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Power Cycling

·2 mins

Have you tried turning it off and on again, rebooting, restarting, kicking, or bouncing it?

These are some of the ways I hear people suggesting to power cycle something that’s not working as it should. That is, turning something off and turning it back on again. Once the device comes back from the dead, it’s usually working at full capacity and there’s no sign of the error that was plaguing the device just moments before.

It’s straight up magic.

You don’t even do anything. It just… starts working after you wait for a minute. Power cycling is the go to resolution. To make it even better, power cycling applies to so many things. Phone isn’t getting emails? Power cycle. Laptop feels sluggish? Power cycle. I don’t have any internet! Power cycle. My ridiculously specific mobile application keeps crashing! Power cycle.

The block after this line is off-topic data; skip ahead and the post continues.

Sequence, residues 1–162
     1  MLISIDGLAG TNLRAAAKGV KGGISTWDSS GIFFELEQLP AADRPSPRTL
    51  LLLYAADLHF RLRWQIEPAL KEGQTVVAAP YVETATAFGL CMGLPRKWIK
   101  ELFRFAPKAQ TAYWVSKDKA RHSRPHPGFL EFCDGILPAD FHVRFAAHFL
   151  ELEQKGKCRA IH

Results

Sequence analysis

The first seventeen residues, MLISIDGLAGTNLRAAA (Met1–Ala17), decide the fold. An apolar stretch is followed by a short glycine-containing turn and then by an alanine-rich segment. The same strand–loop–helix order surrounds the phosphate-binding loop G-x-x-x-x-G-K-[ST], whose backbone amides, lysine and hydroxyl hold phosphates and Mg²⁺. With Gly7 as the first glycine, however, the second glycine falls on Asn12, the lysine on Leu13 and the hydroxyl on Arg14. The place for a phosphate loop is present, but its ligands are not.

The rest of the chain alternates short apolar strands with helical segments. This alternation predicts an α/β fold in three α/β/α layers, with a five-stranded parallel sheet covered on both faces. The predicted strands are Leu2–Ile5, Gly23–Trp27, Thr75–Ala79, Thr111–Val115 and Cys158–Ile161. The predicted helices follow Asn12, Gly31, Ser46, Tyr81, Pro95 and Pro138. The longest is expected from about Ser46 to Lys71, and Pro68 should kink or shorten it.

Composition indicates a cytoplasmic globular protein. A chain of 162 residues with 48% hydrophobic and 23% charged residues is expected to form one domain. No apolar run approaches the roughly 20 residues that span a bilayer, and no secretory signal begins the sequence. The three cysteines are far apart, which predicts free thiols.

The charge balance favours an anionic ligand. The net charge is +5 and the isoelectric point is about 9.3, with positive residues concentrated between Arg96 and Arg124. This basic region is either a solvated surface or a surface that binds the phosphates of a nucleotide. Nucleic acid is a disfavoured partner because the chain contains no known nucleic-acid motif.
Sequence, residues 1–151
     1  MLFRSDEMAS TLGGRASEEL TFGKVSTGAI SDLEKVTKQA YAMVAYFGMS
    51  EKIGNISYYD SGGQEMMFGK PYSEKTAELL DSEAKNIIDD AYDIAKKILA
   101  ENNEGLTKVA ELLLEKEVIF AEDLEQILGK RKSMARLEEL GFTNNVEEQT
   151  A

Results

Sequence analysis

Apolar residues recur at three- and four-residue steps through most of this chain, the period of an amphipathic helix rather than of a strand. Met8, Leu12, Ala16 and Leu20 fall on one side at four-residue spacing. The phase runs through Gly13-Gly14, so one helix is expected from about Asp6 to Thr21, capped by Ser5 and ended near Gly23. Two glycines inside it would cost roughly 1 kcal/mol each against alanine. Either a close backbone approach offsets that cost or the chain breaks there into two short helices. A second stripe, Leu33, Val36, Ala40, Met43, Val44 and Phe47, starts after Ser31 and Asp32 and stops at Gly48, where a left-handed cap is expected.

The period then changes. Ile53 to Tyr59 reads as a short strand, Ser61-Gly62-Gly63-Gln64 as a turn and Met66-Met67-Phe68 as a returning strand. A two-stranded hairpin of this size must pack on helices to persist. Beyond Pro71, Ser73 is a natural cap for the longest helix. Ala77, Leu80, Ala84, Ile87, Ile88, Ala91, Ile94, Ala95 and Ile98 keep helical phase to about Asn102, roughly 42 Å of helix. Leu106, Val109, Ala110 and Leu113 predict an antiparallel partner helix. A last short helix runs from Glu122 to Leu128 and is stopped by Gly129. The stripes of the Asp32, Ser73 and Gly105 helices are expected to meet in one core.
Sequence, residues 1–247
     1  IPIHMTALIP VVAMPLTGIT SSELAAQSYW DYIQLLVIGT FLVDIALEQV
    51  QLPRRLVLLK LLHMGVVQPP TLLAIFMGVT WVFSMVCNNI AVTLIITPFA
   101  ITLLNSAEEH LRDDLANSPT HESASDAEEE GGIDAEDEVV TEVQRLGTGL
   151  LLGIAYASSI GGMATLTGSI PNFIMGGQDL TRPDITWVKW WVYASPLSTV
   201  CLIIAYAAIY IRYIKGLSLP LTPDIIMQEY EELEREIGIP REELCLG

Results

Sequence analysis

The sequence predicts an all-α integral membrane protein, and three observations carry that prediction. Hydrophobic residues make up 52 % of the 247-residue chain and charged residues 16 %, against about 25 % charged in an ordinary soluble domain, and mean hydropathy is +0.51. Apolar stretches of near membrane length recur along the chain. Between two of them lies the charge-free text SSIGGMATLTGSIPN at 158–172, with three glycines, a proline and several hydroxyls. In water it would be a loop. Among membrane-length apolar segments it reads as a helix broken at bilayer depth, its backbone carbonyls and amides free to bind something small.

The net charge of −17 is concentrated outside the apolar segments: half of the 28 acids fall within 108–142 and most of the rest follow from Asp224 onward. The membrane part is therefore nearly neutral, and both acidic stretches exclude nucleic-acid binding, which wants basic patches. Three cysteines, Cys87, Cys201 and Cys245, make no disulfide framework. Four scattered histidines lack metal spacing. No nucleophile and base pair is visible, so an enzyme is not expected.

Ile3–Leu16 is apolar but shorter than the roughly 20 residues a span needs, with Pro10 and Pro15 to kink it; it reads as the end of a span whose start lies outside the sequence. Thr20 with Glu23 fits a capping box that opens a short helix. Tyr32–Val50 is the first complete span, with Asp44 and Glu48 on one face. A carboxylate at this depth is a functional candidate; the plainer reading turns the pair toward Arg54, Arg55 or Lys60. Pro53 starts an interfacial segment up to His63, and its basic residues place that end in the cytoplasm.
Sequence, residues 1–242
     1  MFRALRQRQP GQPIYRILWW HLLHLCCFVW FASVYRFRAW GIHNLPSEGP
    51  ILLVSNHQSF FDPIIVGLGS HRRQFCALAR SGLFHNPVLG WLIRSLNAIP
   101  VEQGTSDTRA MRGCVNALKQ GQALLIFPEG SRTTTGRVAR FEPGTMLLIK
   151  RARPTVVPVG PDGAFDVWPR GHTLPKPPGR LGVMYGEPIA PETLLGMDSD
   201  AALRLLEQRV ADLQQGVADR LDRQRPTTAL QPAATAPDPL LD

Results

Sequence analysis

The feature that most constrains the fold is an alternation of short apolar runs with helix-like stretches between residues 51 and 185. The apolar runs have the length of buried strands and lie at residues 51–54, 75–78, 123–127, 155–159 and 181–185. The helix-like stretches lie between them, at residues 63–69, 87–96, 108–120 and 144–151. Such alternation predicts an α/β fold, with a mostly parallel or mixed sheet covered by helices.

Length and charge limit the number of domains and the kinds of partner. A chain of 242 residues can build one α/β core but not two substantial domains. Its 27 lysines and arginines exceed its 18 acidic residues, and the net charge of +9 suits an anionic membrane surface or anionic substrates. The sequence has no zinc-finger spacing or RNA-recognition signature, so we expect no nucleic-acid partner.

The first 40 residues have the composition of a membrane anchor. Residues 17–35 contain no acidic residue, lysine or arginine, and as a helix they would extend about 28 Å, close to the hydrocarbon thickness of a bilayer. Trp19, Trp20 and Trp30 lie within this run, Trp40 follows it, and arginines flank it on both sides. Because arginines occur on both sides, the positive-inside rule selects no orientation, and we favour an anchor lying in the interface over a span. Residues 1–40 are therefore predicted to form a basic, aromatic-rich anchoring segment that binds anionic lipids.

Despite how magical and easy this operation is, I still have people that get it wrong or just lie to me. No, your PC didn’t reboot in five seconds – you just locked Windows and logged in again. No, closing the laptop lid isn’t what we want. No, locking and unlocking your phone doesn’t qualify. I fear the day that I might see someone turn their monitor off and on again.

Unfortunately, power cycling can’t resolve every single issue. However, we can kick it up a notch by adding some technique to the power cycle. Shut it down again. Now go grab a coffee, when you’re back you can turn it on again. This is expert level power cycling.

Power cycling works because it allows the device to cleanse itself. When the device loses power, all of the volatile memory is cleared. If you wait while it’s powered off, it allows time for the capacitors to discharge. When the power comes back, it’s like starting a brand new version of the device where every little bit is happy and friendly.

Please, if you encounter a problem. Turn it off and on again. There’s a reason this is the first thing suggested when devices aren’t working properly.